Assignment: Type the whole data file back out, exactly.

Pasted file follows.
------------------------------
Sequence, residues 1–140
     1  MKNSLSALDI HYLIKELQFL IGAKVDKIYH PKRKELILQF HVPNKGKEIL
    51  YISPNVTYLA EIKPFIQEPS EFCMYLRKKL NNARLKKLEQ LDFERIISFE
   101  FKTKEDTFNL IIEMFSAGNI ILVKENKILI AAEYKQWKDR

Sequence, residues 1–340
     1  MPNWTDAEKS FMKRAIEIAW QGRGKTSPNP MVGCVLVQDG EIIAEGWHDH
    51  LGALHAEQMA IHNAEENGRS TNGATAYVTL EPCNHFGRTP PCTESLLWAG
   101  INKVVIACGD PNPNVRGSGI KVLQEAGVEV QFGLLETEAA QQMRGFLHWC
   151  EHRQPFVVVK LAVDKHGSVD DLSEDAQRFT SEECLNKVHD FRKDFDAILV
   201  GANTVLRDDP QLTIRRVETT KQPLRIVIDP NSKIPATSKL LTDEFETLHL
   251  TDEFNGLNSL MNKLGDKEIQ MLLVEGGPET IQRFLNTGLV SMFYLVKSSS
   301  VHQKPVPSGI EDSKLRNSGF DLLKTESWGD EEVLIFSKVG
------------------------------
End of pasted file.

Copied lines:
Sequence, residues 1–140
     1  MKNSLSALDI HYLIKELQFL IGAKVDKIYH PKRKELILQF HVPNKGKEIL
    51  YISPNVTYLA EIKPFIQEPS EFCMYLRKKL NNARLKKLEQ LDFERIISFE
   101  FKTKEDTFNL IIEMFSAGNI ILVKENKILI AAEYKQWKDR

Sequence, residues 1–340
     1  MPNWTDAEKS FMKRAIEIAW QGRGKTSPNP MVGCVLVQDG EIIAEGWHDH
    51  LGALHAEQMA IHNAEENGRS TNGATAYVTL EPCNHFGRTP PCTESLLWAG
   101  INKVVIACGD PNPNVRGSGI KVLQEAGVEV QFGLLETEAA QQMRGFLHWC
   151  EHRQPFVVVK LAVDKHGSVD DLSEDAQRFT SEECLNKVHD FRKDFDAILV
   201  GANTVLRDDP QLTIRRVETT KQPLRIVIDP NSKIPATSKL LTDEFETLHL
   251  TDEFNGLNSL MNKLGDKEIQ MLLVEGGPET IQRFLNTGLV SMFYLVKSSS
   301  VHQKPVPSGI EDSKLRNSGF DLLKTESWGD EEVLIFSKVG